Before 1956, wastewater in the City of St. Cloud was not treated. All wastewater from homes and businesses was dumped directly to the Mississippi River without treatment. The City of St. Cloud's first wastewater treatment facility was constructed in 1956 and was located near 4th Avenue South.
In 1972, the federal Clean Water Act allowed for funding to be distributed to communities to build wastewater treatment facilities to protect the health of the nation's waterways.
Since 1972, St. Cloud staff has embraced, and continues to expand upon, a paradigm shift that has taken St. Cloud’s wastewater treatment processes from sewage treatment, to wastewater treatment and now to resource recovery. Today, the St. Cloud Nutrient, Energy and Water (NEW) Recovery Facility is recognized locally, nationally, and internationally leader for their innovative wastewater treatment and resource recovery strategies.
The NEW Recovery Facility is located in south St. Cloud and services area communities including St. Augusta, St. Joseph, Sartell, Sauk Rapids, and Waite Park.
St. Cloud Green Hydrogen Award
St. Cloud was awarded a $1.09 million grant for the installation of renewable energy technologies at the St. Cloud Nutrient, Energy and Water Recovery Facility. The funds will be used for the development and installation of renewable natural gas and green hydrogen demonstration projects.
Funding for this project was provided by the Minnesota Environment and Natural Resources Trust Fund as recommended by the Legislative-Citizen Commission on Minnesota Resources (LCCMR).
Watch Mayor Dave Kleis announce the project at St. Cloud's GovTV page.
Throughout the course of the COVID-19 pandemics, scientists have embraced various methods to more comprehensively track the spread of COVID-19 in communities and across the world. Tracking the spread of COVID-19 through wastewater has proven to be an incredibly effective tool for understanding the true spread of the disease. Scientists measure the concentration of SARS-CoV-2 viral materials present in wastewater to tell how the disease is spreading within a wastewater service area at a particular time.
This tracking is effective because it looks at an entire service area – nearly every person in the service area will be utilizing the wastewater treatment systems, so a more comprehensive, community-wide picture is able to be developed.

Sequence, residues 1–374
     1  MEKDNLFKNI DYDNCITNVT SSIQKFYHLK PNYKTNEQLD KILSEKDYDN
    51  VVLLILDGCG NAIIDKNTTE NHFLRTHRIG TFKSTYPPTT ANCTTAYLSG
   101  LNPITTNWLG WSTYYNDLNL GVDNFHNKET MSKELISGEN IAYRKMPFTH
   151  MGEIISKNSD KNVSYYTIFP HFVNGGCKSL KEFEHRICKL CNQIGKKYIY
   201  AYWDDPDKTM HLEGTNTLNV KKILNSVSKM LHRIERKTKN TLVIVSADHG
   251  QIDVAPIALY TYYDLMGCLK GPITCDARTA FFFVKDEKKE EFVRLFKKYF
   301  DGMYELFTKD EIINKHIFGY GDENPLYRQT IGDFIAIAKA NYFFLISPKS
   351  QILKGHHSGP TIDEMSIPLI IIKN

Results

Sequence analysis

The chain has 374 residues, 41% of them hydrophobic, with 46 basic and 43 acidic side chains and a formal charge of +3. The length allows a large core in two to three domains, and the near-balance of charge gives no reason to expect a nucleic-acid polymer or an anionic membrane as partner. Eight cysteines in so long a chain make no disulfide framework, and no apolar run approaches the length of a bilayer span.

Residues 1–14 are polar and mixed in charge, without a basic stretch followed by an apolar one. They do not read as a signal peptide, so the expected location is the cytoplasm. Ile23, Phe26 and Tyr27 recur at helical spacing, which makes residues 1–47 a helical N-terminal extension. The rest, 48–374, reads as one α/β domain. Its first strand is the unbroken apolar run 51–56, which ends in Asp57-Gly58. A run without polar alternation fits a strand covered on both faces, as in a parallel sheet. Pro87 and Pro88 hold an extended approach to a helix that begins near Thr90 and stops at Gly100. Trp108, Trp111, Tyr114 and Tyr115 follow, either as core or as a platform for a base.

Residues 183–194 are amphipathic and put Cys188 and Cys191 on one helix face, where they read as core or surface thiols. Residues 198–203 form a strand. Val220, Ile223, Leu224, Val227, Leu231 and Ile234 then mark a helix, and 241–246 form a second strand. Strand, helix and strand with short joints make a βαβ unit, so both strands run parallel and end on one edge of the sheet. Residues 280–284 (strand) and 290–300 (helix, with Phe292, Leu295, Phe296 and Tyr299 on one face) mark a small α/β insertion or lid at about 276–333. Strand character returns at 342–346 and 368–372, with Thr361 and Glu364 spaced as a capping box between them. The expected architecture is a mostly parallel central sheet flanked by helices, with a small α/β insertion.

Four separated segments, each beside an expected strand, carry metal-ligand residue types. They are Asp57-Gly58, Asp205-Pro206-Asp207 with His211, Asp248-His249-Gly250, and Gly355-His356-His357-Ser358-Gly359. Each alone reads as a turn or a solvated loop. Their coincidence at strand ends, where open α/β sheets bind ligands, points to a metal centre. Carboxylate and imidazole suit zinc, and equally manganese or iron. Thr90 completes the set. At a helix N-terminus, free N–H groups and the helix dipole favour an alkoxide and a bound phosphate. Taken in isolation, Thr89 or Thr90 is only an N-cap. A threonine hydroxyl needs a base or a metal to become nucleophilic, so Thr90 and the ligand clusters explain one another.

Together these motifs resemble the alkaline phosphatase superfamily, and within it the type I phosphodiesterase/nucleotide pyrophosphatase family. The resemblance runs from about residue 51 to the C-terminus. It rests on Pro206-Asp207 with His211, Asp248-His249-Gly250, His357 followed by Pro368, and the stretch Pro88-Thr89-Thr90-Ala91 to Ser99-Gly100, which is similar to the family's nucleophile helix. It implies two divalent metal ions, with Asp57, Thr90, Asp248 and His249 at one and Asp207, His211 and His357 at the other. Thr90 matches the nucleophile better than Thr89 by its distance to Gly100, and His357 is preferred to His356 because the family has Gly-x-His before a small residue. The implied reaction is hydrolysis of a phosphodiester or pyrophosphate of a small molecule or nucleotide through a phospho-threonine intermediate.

Regardless of whether or not a person is tested or even symptomatic, the viral load can be traced through their contributions to the wastewater treatment system. This is particularly valuable, because an increasing segment of the community may be performing at-home tests which may not be reported to state health officials.
Virus shedding begins before a person tests positive or shows symptoms, which means that the virus is detectable in wastewater before a person may seek a test or medical care. This advanced notice can help predict disease trends and provide early warning for future outbreaks.
Sampling in St. Cloud
St. Cloud started sampling and analysis of daily samples starting in January 2022. St. Cloud has a regional wastewater treatment facility and provides wastewater services to 6 cities: St. Cloud, Sartell, Sauk Rapids, St. Joseph, St. Augusta, and Waite Park. The facility treats roughly 10 million gallons per day. The COVID-19 data from the St. Cloud treatment facility reflects data across a wide service area.
Currently, the daily samples are being analyzed at the University of Minnesota Genomics Center. There are also samples being sent to the University of Minnesota Duluth Medical Center. These samples are an important service for providing community health updates and advancing scientific knowledge.
Phosphorous Recovery at the St. Cloud Nutrient, Energy, and Water Recovery Facility
Sustainability Initiatives at the Nutrient, Energy and Water Recovery Facility
The St. Cloud NEW Recovery Facility has started several new energy efficiency initiatives, and is now producing renewable energy through solar panels and 2 biofuel generators. In 2020, the NEW Recovery Facility achieved many days at Net Zero - in other words, the facility often produced all of the energy needed to run the facility, onsite. In many cases, the facility was able to send energy back to the grid because the solar panels and biofuel generators produced more energy than the facility needed.